good tools to track down the causes of poor voice quality. I have good incoming quality and terrible quality going out. I can hear people perfectly well but they complain that my voice drops out and is garbled regardless of who places the call.

    I had the very same problems. My users were ready to murder me.

    I’ve tried whatever I
    found relevant, and had no success. ISP was telling me that it was my problem, everything’s ok from their point of view (do they ever say opposite?).

    As a result, I’ve changed the ISP and everything became perfect. I’ve spent 2 months fighting invisible enemy, but sometimes you just have to stop trying everything possible and move to impossible options.

  • You probably need to break the problem down into more specific issues.

    Does every call suffer or is it just some?
    Is the CPU overworked at all and are calls being transcoded or all the same codec?
    Is it time of day affected?
    What load is on the network at the same time?
    Do you have monitoring tools such as smoke ping tell you the network looks so you can match to issues?
    Call drop outs suggest network issues or upset hardware, you shouldn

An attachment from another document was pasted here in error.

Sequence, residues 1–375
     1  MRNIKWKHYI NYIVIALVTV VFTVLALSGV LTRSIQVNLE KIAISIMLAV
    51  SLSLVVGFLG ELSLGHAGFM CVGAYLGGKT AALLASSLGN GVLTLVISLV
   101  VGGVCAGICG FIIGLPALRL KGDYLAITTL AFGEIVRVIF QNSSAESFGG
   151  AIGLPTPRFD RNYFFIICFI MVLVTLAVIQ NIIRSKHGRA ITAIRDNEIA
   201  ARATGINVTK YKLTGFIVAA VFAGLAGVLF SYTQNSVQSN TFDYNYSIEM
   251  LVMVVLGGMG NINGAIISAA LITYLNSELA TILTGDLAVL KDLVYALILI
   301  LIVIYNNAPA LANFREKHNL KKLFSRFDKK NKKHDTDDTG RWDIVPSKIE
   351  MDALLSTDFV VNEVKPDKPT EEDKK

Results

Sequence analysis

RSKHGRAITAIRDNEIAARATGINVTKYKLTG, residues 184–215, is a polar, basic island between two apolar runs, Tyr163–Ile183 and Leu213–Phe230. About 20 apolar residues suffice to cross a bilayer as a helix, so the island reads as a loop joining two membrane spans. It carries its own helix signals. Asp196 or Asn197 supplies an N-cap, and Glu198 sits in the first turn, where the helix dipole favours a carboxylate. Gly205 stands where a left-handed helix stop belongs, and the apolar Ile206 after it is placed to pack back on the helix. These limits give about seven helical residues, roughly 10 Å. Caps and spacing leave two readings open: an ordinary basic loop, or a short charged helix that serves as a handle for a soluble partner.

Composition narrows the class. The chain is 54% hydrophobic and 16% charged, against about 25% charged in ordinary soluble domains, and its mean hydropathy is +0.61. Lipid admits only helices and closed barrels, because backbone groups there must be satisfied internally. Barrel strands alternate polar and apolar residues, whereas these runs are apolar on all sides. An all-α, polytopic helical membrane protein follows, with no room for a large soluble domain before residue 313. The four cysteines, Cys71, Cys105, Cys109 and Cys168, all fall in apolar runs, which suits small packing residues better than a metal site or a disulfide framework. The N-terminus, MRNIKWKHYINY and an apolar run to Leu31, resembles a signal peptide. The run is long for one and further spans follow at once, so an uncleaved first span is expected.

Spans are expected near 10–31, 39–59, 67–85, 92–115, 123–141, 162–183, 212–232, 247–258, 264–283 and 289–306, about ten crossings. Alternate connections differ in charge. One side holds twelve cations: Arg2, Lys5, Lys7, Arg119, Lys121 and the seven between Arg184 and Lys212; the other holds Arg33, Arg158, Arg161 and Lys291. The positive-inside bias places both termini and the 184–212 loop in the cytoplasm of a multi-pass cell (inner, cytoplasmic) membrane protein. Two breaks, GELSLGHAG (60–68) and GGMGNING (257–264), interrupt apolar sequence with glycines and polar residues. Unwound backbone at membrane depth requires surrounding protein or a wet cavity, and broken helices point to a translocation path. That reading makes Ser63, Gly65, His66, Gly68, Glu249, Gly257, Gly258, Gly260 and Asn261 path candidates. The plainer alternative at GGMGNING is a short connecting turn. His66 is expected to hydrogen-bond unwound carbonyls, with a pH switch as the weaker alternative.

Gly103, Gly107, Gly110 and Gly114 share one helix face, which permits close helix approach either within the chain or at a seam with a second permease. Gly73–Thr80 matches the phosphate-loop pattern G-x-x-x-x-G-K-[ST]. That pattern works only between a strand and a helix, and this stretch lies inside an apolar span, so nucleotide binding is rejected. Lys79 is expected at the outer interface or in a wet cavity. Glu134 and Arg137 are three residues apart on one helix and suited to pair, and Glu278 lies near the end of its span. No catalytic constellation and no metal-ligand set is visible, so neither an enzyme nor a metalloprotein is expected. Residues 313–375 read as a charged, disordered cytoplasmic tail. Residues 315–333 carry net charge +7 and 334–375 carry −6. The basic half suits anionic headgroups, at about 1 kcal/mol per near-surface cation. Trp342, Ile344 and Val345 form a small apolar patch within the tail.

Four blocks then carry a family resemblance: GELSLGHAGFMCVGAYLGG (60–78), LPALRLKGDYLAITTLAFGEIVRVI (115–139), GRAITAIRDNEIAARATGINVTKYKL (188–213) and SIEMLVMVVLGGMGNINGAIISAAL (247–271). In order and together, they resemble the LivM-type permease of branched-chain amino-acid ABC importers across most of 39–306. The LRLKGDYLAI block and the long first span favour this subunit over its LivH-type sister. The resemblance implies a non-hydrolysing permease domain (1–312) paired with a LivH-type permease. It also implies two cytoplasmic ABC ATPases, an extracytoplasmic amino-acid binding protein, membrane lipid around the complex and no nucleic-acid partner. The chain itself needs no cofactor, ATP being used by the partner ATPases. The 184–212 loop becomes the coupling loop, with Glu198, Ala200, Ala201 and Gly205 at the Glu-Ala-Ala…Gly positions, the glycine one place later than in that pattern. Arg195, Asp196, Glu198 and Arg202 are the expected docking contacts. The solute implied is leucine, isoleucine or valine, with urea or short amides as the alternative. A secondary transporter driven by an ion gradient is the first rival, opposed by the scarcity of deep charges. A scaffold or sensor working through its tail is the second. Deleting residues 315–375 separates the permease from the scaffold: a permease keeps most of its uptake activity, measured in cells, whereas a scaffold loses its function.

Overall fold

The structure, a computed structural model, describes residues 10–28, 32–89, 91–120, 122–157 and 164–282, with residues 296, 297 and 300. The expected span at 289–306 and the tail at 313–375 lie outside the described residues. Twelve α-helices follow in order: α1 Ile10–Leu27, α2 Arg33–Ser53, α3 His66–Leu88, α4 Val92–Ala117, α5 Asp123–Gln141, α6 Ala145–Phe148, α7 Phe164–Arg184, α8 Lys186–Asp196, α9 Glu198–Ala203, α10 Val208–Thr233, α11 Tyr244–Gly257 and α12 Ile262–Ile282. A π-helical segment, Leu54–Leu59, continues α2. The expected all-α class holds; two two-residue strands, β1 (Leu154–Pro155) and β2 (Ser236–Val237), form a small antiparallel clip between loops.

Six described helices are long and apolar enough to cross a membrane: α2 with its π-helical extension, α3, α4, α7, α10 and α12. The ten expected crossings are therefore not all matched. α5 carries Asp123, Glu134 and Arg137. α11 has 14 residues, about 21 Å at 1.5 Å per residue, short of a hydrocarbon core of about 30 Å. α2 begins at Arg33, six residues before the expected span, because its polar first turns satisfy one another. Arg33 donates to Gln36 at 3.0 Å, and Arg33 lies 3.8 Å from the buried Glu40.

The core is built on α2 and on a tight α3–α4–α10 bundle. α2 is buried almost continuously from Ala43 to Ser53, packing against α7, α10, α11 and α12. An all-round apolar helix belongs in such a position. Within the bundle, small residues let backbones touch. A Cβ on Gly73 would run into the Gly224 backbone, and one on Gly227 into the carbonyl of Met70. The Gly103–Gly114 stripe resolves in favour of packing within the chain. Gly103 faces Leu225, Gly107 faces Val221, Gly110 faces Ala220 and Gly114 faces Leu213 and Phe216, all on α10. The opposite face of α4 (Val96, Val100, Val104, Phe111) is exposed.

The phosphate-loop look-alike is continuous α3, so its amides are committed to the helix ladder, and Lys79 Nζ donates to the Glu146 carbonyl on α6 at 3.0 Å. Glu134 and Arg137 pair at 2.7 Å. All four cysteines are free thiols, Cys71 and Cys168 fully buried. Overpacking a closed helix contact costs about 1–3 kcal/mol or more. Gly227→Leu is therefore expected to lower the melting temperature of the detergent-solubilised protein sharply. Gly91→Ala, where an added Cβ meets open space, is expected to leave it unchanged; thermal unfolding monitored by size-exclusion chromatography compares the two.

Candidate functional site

• iperf is great. Another essential troubleshooting tool is nfsen/nfdump
    (or any netflow/sflow monitoring utility that shows DSCP/TOS tag values).

  • That’s a good start. Now what have you done to conclude that the Asterisk server is not the cause of your problems?

    That’s irrelevant. It’s about the quality of that bandwidth. Have you figured out if there might be a lot of packetloss or are you perhaps on a cablelink which is a *shared* medium? Once your link hits the box in the street it shares it with others who might be eating up all the bandwidth with their torrent downloads etc.? Use tools like iperf, smoke ping and mtr to see if there are obvious problems on the route to your VoIP provider.

    Once the packets leave your premises and your ISP/cable company starts messing with them a QoS setting is generally not honored so not very helpful unless your LAN is congested.

    If those analog lines are cheap, easy to get then as an intermediate solution I would order those analog lines as fast as I could. Or fix the VoIP problems, whichever is faster.